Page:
What is the LG A1 OLED? The announcement of a new budget OLED TV model came as a surprise over the CES 2021 expo, seemingly replacing the B Series televisions we’ve seen in previous years (LG BX, LG B9, etc). But what exactly does LG Electronics have planned for its new entry-level OLED, and why should you care?
LG makes some of the best and most popular OLED televisions made today. Its CX OLED from 2020 comfortably topped our best OLED TV guide, and the step-down B Series has long been a smart choice for those wanting a premium picture at a more accessible price point.
It’s curious to see an even cheaper A Series model released then, and smart shoppers will be looking to it for OLED at an even more affordable price – with a few compromises, no doubt.
We now also have pricing and a US release date, which gives us a good sense of what’s to come worldwide – though we’ll be sure to update and expand it as LG reveals more about its new A1 OLED TV.
Note that we don’t have any confirmed imagery of the LG A1 yet, so any pictures features in this article will be for older, existing LG TVs.
LG A1 OLED specs and features
The most important thing to know is that the LG A1 OLED will be the lowest-spec (and therefore cheapest) OLED TV put out by LG this year.
Much sounds similar to last year’s B Series, with a step-down a7 processor rather than the a9 Gen 4 AI chip used in the C1 and G1 OLEDs. The a7 isn’t quite as advanced (hence the price drop), and tends to lead to more banding and video noise in dark scenes, but it still makes for a generally favorable picture.
The two key differences between the A Series and B Series seems to be that the former is a bit quieter (20W rather than the latter’s 40W), and doesn’t support HDMI 2.1 (a feature you will find in the LG BX, and this year’s new C1 / G1 models).
HDMI 2.1 is needed for a host of gamer-centric features like 4K/120Hz gameplay, as well as VRR (variable refresh rate), so the A1 probably won’t be a TV of choice for those hoping to get max performance out of their PS5 or Xbox Series X.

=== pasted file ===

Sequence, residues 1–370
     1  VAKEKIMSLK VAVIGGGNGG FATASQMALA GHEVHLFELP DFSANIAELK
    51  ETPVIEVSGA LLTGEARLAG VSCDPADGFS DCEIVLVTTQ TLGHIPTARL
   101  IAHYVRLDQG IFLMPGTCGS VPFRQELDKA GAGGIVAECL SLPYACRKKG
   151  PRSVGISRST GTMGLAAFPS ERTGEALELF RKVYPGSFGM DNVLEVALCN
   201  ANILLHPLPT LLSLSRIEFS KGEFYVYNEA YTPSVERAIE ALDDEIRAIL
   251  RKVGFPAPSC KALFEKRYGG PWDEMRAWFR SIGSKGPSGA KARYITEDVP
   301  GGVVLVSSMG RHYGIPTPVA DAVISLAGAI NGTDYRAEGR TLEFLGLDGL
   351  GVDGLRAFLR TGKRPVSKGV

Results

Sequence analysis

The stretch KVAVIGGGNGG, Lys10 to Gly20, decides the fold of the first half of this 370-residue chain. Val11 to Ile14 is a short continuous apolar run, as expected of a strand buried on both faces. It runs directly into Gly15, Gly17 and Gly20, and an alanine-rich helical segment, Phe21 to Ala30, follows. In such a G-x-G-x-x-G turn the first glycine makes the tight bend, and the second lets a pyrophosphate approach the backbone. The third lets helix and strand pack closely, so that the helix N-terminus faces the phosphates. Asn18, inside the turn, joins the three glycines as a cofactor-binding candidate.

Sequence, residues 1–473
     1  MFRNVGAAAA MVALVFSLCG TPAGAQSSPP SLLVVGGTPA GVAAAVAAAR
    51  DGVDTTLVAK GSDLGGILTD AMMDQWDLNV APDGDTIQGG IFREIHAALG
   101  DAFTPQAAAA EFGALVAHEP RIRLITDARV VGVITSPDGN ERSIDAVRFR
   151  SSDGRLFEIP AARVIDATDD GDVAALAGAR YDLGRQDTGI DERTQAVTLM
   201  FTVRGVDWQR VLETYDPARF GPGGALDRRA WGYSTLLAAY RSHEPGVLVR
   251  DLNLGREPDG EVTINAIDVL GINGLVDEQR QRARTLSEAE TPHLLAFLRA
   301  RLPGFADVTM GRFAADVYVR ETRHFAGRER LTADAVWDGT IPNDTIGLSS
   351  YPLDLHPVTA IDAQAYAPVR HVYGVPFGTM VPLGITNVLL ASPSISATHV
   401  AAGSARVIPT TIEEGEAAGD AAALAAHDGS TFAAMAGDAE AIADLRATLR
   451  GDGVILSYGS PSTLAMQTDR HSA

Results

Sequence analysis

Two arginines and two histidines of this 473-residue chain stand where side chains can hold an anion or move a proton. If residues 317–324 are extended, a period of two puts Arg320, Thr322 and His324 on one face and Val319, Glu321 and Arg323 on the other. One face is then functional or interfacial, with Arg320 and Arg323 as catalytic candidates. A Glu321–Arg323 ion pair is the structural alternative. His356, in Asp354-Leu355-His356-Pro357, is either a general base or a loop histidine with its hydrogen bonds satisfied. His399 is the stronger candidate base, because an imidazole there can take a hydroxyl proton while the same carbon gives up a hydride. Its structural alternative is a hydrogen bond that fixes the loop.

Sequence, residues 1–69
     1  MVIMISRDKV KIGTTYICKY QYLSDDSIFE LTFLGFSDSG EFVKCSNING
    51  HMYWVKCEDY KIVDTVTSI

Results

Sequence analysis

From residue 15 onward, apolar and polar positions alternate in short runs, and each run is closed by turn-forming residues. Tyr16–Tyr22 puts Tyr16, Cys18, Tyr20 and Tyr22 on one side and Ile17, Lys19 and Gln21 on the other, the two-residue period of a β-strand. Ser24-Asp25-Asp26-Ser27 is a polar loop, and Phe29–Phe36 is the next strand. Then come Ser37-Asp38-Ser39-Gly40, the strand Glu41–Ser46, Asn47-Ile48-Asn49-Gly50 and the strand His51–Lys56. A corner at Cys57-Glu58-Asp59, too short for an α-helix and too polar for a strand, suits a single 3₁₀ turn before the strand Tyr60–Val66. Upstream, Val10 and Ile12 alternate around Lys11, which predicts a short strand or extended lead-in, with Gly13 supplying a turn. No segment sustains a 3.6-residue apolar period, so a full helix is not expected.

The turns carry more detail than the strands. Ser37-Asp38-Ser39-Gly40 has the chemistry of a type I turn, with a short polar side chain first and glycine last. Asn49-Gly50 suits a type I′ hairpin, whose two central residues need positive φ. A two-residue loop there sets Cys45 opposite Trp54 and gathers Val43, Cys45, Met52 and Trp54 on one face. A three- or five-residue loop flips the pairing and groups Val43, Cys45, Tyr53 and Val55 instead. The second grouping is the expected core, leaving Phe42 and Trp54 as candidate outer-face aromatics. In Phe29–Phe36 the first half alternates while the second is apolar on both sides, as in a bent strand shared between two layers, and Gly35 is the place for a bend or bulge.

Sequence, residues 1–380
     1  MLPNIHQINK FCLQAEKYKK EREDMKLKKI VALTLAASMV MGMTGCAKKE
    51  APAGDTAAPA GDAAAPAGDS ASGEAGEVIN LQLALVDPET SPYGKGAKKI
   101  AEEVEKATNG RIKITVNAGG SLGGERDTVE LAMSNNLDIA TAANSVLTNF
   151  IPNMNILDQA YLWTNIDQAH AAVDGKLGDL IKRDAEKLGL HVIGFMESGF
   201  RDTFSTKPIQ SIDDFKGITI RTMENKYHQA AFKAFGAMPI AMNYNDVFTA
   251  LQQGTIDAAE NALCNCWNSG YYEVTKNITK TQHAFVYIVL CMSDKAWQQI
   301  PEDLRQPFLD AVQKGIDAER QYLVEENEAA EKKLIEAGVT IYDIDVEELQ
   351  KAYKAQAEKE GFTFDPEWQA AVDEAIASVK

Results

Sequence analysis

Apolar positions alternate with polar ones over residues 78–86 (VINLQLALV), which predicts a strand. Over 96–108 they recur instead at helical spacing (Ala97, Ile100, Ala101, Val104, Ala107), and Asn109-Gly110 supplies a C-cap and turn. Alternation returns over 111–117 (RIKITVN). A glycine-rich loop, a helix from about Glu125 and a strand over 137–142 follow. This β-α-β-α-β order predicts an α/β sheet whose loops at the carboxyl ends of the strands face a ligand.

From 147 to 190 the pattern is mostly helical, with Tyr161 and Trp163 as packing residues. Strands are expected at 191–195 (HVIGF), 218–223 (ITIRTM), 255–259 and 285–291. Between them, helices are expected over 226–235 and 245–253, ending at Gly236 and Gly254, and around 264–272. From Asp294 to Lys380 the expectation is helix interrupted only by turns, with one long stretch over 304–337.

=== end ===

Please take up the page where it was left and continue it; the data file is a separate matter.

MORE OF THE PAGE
LG A1 OLED pricing and sizes
The LG A1 OLED will be available starting in April for $1,599 (around £1,200 / AU$2,100) at a 55-inch size – though the smaller and cheaper 48-inch model will launch shortly after in June for just $1,299 (around £950 / AU$1,700). There’s also a 65-inch size and 77-inch size, retailing for $2,199 (around £1,600 / AU$2,900) and $3,199 (around £2,330 / AU$4,200) respectively.
It’s not quite what we expected, given the launch price for the 55-inch model is technically higher than last year’s BX OLED, which was the cheapest 2020 LG OLED at $1,399 / £1,299 / AU$2,995 at 55 inches.
The 48-inch size does offer a low starting point, though it’s not quite as competitive as some may have hoped, given the A Series is meant to undercut the B Series model.
There are more screen sizes for OLED releasing this year, of course, with a new 83-inch size that will come to the LG C1, though not the A1 at present. We’ve heard from LG Display – the panel supplier for LG Electronics’ OLED televisions – that a new 42-inch OLED is on its way too, though it’s yet to be confirmed for any specific 2021 TVs.
LG A1 OLED release date
There’s no confirmed release date, either, though last year’s CX and GX models launched around mid-2020, and new TV ranges tend to kick into gear April/May.
LG does tend to wait until around August/September to release its budget B Series, but the fact that we’ve heard about the A1 already suggests we’ll be getting it sooner rather than later.
- 48-inch OLED48A1PUA is available June 2021 for $1,299
- 55-inch OLED55A1PUA is available April 2021 for $1,599
- 65-inch OLED65A1PUA is available April 2021 for $2,199
- 77-inch OLED77A1PUA is available June 2021 for $3,199
What does ‘A1’ really mean?
For those not au fait with LG lingo, the ‘A1’ is the specific product number applied to this year’s A Series OLED.
The letter ‘A’ denotes the television series (alongside ‘B’, ‘C’, ‘G’, and the now-discontinued ‘E’ Series), while the number corresponds to the year of release. In 2019, these numbers were all ‘9’, as in ‘C9’ or ‘B9’; in 2020, the number became ‘X’ (‘ten’), while 2021 is resetting to ‘1’.